Further to my post of 6 May on the book Sutton, A.C., The war on gold, 1977, ‘76 Press, California, USA, below are some extracts from the book I’ve made for my personal reference:
Page 59: It is this disciplinary function of gold that is irksome to politicians and managed-economy bureaucrats and academicians. Politicians . . . → Read More: The War on Gold II
Some commercial real estate business is stirring again.
The deals seem to be starting small, but never-the-less they are happening.
“Until a couple of transactions settled, you didn’t have a floor in the market,” says Jeff Pacy, a broker with Preston Partners in Lutherville, MD.
According to Pacy and other commercial real estate insiders . . . → Read More: Commercial Real Estate: Recovery Signs?
For the first time in 10 months the Tenth Federal Reserve District is reporting factory production that is now net positive. The Tenth Federal Reserve District encompasses Colorado, Kansas, Nebraska, Oklahoma, Wyoming, northern New Mexico, and western Missouri.
The Kansas City Fed released its manufacturing report on Thursday and claimed that “manufacturing activity showed . . . → Read More: Kansas City Fed: Regional Factory Production Now Net Positive
There is a fascinating article in The Economist about how the world of derivatives has shaped up through the crisis.
I often encounter misconceptions about hedging. The one line that summarises the issue is this: The job of a hedging strategy is to combat extraneous economic exposure. Let me focus on currency exposure as . . . → Read More: Hedging using derivatives
On 25 June 2009 I was invited to the Cafe Libertalia to speak at a book club where I was given the latitude to choose the book for discussion. I picked What Has Government Done To Our Money And The Case For A 100% Gold Dollar by Murray Rothbard. This book is an easy . . . → Read More: What Has Government Done To Our Money?
I heard a couple of talkers on business news and talk radio note that government employment had exceeded manufacturing employment in the United States. When I looked into it, I found the origin of this meme at a blogpost of Fabius Maximus entitled America passes a milestone!, with interesting charts and analysis. The charts . . . → Read More: Employment in Manufacturing and Government and the Deficit with China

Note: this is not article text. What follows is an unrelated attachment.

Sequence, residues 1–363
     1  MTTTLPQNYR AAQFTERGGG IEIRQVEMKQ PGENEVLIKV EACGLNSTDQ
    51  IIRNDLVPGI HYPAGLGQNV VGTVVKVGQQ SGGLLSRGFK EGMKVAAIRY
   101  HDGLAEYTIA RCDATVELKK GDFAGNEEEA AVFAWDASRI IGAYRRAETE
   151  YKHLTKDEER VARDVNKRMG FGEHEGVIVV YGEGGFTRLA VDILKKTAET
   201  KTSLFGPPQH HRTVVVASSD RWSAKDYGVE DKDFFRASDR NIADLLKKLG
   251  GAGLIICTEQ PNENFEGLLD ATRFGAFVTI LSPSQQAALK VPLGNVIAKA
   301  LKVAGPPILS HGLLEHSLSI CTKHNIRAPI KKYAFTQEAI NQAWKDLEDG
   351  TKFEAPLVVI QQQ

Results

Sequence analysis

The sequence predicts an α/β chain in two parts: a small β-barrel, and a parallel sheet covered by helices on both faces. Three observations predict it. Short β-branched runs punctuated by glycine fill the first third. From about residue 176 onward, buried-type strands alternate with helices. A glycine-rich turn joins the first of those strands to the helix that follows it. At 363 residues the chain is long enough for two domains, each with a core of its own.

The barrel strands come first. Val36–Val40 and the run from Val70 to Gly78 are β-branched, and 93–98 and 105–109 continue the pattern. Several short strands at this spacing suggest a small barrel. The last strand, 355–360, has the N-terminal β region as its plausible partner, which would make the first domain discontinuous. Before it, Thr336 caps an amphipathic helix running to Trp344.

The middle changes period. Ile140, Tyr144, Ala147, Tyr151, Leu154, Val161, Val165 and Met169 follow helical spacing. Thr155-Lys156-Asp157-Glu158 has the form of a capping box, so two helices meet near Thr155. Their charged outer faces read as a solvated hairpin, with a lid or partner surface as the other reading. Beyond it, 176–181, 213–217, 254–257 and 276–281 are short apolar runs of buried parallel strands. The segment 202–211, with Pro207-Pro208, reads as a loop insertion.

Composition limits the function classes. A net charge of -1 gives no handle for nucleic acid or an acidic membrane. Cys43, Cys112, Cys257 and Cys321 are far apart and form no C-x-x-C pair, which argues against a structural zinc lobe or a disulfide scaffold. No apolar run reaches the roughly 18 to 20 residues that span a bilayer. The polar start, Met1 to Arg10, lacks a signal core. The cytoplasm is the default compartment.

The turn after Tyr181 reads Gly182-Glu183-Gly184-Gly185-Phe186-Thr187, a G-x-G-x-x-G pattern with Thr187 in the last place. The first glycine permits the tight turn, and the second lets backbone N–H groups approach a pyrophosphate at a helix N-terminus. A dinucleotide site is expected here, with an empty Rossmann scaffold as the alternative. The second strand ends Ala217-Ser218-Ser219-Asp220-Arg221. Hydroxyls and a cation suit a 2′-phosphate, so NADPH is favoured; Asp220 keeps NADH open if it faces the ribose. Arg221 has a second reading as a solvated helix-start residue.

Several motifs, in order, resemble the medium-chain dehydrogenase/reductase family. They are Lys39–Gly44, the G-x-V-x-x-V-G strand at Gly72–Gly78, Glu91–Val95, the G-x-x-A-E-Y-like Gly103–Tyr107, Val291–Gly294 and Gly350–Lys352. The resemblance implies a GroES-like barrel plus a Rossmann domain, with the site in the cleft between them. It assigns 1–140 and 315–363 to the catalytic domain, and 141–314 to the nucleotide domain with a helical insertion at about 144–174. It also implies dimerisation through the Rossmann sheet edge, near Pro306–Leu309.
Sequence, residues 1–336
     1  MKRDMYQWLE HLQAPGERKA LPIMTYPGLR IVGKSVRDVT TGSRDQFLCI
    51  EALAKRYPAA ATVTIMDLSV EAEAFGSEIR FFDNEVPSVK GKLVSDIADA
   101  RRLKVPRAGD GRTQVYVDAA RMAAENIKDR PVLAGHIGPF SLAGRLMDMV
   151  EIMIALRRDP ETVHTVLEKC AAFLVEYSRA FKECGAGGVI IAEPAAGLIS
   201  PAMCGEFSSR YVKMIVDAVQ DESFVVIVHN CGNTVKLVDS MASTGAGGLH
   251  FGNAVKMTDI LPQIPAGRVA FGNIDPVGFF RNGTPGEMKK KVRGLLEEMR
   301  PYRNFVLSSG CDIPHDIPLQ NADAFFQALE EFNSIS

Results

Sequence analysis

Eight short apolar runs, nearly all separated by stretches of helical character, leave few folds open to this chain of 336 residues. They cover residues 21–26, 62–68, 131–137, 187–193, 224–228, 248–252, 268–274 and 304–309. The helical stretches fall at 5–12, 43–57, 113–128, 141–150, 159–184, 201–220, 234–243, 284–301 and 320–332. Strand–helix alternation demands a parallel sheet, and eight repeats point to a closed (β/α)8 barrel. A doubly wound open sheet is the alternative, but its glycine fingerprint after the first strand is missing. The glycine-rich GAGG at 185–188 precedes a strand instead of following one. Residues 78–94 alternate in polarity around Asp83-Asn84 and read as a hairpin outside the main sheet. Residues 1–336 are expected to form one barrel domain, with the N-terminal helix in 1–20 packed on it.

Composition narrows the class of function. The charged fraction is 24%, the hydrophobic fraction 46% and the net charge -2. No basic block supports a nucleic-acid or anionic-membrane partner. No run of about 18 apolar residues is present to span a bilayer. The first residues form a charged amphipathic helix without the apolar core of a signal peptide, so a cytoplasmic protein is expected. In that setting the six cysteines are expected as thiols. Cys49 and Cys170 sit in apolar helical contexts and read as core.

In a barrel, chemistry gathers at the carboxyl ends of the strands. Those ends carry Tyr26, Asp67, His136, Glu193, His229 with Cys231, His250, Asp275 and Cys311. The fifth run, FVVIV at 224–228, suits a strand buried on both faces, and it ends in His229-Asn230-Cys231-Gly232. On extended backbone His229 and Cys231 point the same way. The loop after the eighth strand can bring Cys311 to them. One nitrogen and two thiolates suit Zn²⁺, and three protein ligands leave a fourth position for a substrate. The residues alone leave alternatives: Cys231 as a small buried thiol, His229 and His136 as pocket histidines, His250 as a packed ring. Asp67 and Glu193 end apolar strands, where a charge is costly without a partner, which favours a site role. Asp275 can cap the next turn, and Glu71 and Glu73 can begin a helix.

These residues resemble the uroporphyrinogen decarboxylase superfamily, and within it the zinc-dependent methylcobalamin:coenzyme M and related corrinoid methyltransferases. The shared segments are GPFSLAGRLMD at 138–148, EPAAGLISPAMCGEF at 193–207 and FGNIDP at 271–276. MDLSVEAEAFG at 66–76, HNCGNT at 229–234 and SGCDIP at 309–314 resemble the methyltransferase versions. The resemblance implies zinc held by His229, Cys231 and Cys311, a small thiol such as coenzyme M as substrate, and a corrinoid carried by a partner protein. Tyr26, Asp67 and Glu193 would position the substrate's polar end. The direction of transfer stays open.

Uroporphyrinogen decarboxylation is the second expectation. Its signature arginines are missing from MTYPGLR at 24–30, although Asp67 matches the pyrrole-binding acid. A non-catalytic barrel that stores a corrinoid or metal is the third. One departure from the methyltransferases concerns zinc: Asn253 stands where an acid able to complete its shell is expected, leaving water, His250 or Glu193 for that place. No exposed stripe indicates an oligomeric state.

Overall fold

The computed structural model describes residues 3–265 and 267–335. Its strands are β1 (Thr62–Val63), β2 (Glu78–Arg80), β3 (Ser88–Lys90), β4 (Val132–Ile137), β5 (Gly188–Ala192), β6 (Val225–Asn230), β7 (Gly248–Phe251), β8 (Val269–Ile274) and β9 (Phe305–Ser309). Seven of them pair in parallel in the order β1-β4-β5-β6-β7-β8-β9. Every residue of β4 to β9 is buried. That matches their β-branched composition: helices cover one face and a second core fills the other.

On Thursday the Fed announced that it will end or significantly curb the use of three emergency programs that it had been using to provide cash to brokers and money-market funds.
The developments are additional signs that the Fed sees improving financial markets and that it will begin honoring its promise to back out . . . → Read More: Federal Reserve Eases On Interventions
In the Times of India I hear is all about “infotainment”, with more information less entertainment in economic times. So as far ET columnists go hardly can one hold them the standards of an academic debate, loose ends are quite natural. But what about sheer inconsistency, or gross error?
Swami ET article today is . . . → Read More: Recession: Keynesian or Hayekian
Tuesday we reviewed a dozen areas where home prices are rising. Wednesday yielded the release of home sales data with three more significant pieces of great news.
1. Sales of previously owned homes rose for the second month in a row in May. The improvement was 2.4% better than the sales rate in April.
. . . → Read More: Existing Home Sales Yields Good News Triplet
Early in the financial crisis, Raghuram Rajan put compensation issues into the centre of thinking about what has gone wrong. In recent weeks, in India, this dimension has come to life. P. Vaidyanathan Iyer had a story in Indian Express saying that RBI had blocked the compensation packages of the CEOs of three private . . . → Read More: Wages in Banking